THE WINNOWING BEGINS

WaPo’s Primary Dispatches shows some interesting movement in the Iowa polling:

With former Vermont governor Howard Dean and Missouri Rep. Richard A. Gephardt slugging it here in increasingly harsh and personal ways, something seems to be happening under the surface: The other candidates are gaining on them.

For months, media types have been pegging the Iowa contest as a two-way race between Dean and Gephardt. But tracking data this week has suggested a slow erosion of Dean’s support and an inability by Gephardt to expand his support in the days before the election.

A couple things appear to be happening:

  • People are getting turned off by the negativity of the sniping between Gephardt and Dean.
  • As the large number of undecided Iowans are finally starting to make up their minds, they’re going to Kerry and Edwards, rather than Dean or Gephardt.

Given the nature of a caucus, though, which emphasizes the type of enthusiastic support required to go stand around debating the merits of the candidates on a cold Monday evening, “preference” isn’t nearly as importance as energy.

What’s more interesting to me is the surprise withdrawal of Carol Moseley Braun, which I heard about on NPR this morning and was reminded of with this story. Not that she was a factor in the race or that it particularly matters, but because she was never going to be a factor and therefore had to be running simply for the exposure. She was running on a shoestring budget and could have continued like that for months. She has less chance of being the Vice Presidential nominee than Al Sharpton, so there’s not a payoff here. So why now?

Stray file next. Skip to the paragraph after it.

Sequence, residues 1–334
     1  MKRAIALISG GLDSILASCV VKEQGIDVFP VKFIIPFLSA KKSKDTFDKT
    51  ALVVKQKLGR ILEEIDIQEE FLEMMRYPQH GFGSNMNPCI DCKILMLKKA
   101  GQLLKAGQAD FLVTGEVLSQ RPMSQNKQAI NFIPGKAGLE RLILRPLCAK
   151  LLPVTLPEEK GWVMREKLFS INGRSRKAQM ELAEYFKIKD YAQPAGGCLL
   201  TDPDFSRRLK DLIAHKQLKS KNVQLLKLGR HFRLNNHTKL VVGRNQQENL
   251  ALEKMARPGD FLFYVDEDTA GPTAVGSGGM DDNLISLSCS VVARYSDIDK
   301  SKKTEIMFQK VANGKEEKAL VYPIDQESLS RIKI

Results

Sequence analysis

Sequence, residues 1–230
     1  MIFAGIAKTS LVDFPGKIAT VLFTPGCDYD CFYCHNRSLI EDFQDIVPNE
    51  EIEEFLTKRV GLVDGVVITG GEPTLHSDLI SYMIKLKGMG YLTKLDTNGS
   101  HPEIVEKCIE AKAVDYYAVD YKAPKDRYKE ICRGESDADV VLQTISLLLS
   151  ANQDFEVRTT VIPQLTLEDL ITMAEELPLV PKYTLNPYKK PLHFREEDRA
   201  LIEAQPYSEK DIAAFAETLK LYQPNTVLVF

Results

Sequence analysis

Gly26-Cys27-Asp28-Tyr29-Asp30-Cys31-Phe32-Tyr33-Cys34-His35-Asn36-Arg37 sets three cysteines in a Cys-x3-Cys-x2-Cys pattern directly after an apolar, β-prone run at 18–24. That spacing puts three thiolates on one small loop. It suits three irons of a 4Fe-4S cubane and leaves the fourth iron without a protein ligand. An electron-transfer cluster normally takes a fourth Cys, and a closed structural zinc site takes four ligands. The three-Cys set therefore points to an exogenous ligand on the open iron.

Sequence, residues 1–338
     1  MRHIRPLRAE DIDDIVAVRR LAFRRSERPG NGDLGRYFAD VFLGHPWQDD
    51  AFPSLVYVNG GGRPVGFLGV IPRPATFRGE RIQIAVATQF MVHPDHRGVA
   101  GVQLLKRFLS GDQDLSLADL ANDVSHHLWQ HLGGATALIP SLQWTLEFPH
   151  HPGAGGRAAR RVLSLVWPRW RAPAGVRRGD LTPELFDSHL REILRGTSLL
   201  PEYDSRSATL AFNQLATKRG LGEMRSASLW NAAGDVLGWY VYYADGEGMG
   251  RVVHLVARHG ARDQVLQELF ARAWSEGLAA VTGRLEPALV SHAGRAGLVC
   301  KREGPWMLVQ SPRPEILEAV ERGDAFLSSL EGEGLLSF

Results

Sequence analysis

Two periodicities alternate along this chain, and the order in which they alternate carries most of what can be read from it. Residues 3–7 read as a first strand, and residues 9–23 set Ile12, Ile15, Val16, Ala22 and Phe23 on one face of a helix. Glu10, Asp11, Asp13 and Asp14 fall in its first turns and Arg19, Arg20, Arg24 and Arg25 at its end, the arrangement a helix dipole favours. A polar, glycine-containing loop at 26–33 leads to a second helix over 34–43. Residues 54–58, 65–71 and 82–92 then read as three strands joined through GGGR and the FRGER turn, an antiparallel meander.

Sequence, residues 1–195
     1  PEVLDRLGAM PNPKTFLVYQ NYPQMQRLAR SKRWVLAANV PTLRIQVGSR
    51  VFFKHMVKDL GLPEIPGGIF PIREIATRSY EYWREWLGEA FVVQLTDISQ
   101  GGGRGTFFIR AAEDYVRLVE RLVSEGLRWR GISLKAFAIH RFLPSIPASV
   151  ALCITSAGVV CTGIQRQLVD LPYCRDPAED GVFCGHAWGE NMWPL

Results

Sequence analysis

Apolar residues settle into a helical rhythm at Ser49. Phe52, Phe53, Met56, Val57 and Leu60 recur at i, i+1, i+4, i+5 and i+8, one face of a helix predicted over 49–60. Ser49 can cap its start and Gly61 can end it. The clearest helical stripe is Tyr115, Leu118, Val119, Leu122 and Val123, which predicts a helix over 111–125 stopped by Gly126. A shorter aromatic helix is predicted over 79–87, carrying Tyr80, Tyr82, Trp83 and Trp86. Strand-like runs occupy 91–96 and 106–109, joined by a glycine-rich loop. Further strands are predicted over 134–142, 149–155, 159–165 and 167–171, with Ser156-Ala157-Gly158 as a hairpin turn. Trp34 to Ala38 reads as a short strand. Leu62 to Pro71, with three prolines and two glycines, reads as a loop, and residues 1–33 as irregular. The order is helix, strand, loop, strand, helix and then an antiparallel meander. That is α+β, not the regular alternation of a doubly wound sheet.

Update (1319): Stephen Green notes that the Fox report on the Braun departure was woefully lacking in analysis. My response in his comments section,

Well, considering that her standing in the polls was a small fraction of the margin of error, there’s not a whole lot to say, really.

Some analysis from Fox:

Brit: Who benefits most from the three votes now up for grabs with CMB out of the race.

Mort: Brit, to be fair, it’s more like four votes. This is a huge boost for Dennis Kucinich, whose own stupidity was overshadowed by that of CMB.

Juan: CMB’s departure is sad. She really brought a lot of grace to the race and improved her stature as a political leader.

Fred: Juan, you and Mort are dolts. Clearly, Al Sharpton will get those votes. And, Brit and Mort, you’re both wrong–it’s more like two votes.

FILED UNDER: Campaign 2004,
James Joyner
About James Joyner
James Joyner is Professor and Department Head of Security Studies at Marine Corps University's Command and Staff College and a nonresident senior fellow at the Scowcroft Center for Strategy and Security at the Atlantic Council. He's a former Army officer and Desert Storm vet. Views expressed here are his own. Follow James on Twitter @DrJJoyner.

Comments

  1. hln says:

    Gephardt just needs to go home and stop trying to play presidential candidate. Carol’s got some common sense for doing the same.

    hln

  2. James Joyner says:

    If Gephardt isn’t at least a very, very close second in Iowa, he’ll almost certainly do just that. He’s not going to win in New Hampshire and he’s a big enough candidate that he needs lots of cash. His money will dry up quickly if he doesn’t do well in Iowa, which is his own backyard.

  3. bryan says:

    Mosely-Braun didn’t get her matching funds paperwork turned in by the deadline for January. I think that has the most to do with it. Even a shoestring needs some federal extension to keep it going. I got the feeling from the reports that whoever was running her campaign office was not doing an admirable job.